Postwar malaise was one of the major components of film noir, and CROSSFIRE addresses it directly. The film is set in Washington, D.C. among soldiers still in uniform but idle, spending their days playing poker and bar-crawling. Joseph Samuels (Sam Levene), an intelligent and kindly Jew, explains that the end of the war has created a void: all the energy that went into hating and fighting the enemy is now unfocused and bottled up. Samuels meets three soldiers in a bar: the sensitive Mitchell, who is close to a nervous breakdown, the weak-willed Floyd Bowers, and Montgomery, a tall, overbearing bully who nastily belittles a young soldier from Tennessee as a stupid hillbilly. The three soldiers wind up at Samuels' apartment, where the drunken Monty becomes increasingly abusive, calling his host "Jew-boy." Samuels is beaten to death, and Mitchell disappears, making himself the prime suspect for the killing.

Unraveling the crime are Detective Finlay (Robert Young), dry and by-the-book, and Sergeant Keeley (Robert Mitchum), a thoughtful and experienced friend who knows Mitchell is incapable of murder. Among the pieces of the puzzle are Ginny (Gloria Grahame), a nightclub hostess who met Mitchell and gave him her apartment key, and Floyd (Steve Brodie), who as a witness to the crime holes up terrified in a seedy rooming house. While there is no real "whodunit" suspense, the story remains gripping, and the trap laid for the killer is extremely clever.

The strong noir atmosphere saves the movie from feeling didactic or sanctimonious. The cinematography is a striking shadow-play, with inky darks and harsh lights, rooms often lit by a single lamp filtered by cigarette smoke. World-weariness is as pervasive as noir lighting. "Nothing interests me," Finlay says quietly; "To nothing," is Ginny's toast in the nightclub. Gloria Grahame, the paragon of noir femininity, nearly steals the movie with her two scenes. Platinum-blonde, jaded and caustic, she's the quintessential B-girl, poisoned by the "stinking gin mill" where she works ("for laughs," she says bitterly), her sweet face curdling when Mitchell tells her that she reminds him of his wife. Now and then a wistful kindness peeks through her defensive shell, as when she dances with Mitchell in a deserted courtyard, then offers to cook him spaghetti at her apartment. When he goes there, he meets a weasely, crumple-faced man (Paul Kelly) who seems to sponge off Ginny, and whose conversation is a dense layering of lies and false confessions. Gloria blows Mitchell's good-girl wife off the screen in a scene where she's asked to give Mitchell an alibi. Slim and frail in her bathrobe, with her girlish lisp, she lets us see just how often Ginny has been insulted and dismissed as a tramp.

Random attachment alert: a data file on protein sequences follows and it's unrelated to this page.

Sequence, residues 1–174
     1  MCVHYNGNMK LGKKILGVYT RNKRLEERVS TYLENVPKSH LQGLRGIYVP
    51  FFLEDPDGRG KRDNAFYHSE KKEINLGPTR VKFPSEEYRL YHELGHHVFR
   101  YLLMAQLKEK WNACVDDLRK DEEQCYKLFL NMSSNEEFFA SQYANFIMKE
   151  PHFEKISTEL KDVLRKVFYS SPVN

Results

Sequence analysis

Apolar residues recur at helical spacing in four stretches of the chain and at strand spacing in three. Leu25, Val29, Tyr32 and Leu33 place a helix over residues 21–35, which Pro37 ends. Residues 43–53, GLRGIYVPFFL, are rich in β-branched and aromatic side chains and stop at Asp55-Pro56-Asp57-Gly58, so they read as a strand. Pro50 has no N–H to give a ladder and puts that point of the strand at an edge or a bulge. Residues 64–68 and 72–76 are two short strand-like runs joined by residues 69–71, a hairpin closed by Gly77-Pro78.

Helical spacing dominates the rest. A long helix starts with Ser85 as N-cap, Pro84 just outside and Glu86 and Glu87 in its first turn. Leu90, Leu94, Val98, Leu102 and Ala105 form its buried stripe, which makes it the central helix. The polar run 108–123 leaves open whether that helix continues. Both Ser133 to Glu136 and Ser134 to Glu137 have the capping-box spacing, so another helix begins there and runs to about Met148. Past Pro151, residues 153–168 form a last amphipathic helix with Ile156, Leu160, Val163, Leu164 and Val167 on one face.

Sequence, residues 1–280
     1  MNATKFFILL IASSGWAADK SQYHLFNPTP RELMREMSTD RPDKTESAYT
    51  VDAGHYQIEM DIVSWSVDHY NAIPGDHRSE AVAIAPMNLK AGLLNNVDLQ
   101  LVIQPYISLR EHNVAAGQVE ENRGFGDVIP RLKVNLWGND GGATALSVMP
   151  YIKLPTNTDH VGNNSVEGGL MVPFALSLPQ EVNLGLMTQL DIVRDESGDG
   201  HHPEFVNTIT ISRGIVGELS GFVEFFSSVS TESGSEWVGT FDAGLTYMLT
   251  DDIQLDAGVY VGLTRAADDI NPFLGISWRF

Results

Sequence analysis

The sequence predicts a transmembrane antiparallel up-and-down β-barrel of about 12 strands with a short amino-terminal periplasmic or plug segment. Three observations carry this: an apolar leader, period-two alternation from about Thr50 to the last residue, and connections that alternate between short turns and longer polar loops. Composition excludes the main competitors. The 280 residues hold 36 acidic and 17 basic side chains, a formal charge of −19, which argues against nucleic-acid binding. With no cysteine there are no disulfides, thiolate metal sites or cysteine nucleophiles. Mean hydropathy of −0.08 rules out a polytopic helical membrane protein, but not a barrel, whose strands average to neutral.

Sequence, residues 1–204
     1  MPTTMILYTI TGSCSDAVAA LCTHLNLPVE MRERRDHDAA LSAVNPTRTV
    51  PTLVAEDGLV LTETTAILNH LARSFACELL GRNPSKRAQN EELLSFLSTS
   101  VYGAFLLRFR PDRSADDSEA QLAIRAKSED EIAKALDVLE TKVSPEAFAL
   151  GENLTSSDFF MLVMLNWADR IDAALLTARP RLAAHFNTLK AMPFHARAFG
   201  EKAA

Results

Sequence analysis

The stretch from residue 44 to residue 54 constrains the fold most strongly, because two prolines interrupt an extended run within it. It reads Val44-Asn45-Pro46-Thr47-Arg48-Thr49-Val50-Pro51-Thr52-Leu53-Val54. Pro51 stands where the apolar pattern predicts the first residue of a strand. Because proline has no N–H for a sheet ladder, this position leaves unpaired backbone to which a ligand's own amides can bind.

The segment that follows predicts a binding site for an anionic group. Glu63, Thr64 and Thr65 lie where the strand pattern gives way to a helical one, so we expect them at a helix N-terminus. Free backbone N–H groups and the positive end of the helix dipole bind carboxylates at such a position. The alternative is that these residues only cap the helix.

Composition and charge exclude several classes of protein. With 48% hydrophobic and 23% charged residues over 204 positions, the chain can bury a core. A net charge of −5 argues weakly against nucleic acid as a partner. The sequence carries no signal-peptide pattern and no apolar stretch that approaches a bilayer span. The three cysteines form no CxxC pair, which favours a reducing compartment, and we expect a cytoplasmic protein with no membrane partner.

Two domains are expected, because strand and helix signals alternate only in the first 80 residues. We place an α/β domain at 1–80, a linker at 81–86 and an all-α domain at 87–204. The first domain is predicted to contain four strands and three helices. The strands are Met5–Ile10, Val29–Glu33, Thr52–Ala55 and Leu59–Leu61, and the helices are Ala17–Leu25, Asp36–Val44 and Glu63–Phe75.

Robert Young is a nondescript actor, and he stands no chance against Mitchum's charisma, but he does a good job of keeping his pipe-smoking character, saddled with delivering the movie's earnest message, this side of pompousness. Mitchum, meanwhile, gets some cool dialogue, but not nearly enough to do; still, even when he's doing nothing but lounging in a corner you can't take your eyes off him. The third Robert, Ryan, creates a fully shaded and frighteningly convincing portrait of an ignorant, unstable bigot; we see his phony geniality, his bullying, his resentment of anyone with advantages, his "Am I right or am I right?" smugness; how easily he slaps labels on people and what satisfaction he gets from despising them.

CROSSFIRE's message seems cautious and dated now, though not nearly so much as the same year's A GENTLEMAN'S AGREEMENT. Finlay's speech about bigotry cops out by reaching back a hundred years for an instance of white victimhood, reminding us that Irish Catholics were once persecuted; next it could be people from Tennessee, he says, or men who wear striped neckties. Or maybe blacks, or Japanese, or homosexuals, or communists? The script seems afraid to mention any real contemporary problems. It sweetens its message by making the Jewish victim saintly, as though his innocence were not sufficient; and it takes care to exonerate the military, having a superior officer declare that the army is ashamed of men like Montgomery, and stressing that Samuels served honorably in the war. Still, it did take some guts to depict, immediately after World War II, an American who might have been happier in the Nazi army, and the movie's basic premise is still valid. If Monty were alive today, he would have gone out on September 12, 2001, and beat up a Sikh.

Was the above review useful to you?
See more (68 total) »

Message Boards

Discuss this movie with other users on IMDb message board for Crossfire (1947)
Recent Posts (updated daily)User
Why so few posts?????? richsass
Robert Young neglects to mention coloured people chapmanshomer
Music played in movie house laptow
Time for a remake! marianp1
Phobias and Sexual Themes abletonyallen
Disappointing take on anti-semitism tarmcgator
See more »

Recommendations

If you enjoyed this title, our database also recommends:
- - - - -
The Black Dahlia So Sweet, So Dead The Best of Youth Miracle at St. Anna Australia
IMDb User Rating:
IMDb User Rating:
IMDb User Rating:
IMDb User Rating:
IMDb User Rating:
Show more recommendations

Related Links

Full cast and crew Company credits External reviews
News articles IMDb Crime section IMDb USA section

You may report errors and omissions on this page to the IMDb database managers. They will be examined and if approved will be included in a future update. Clicking the 'Edit page' button will take you through a step-by-step process.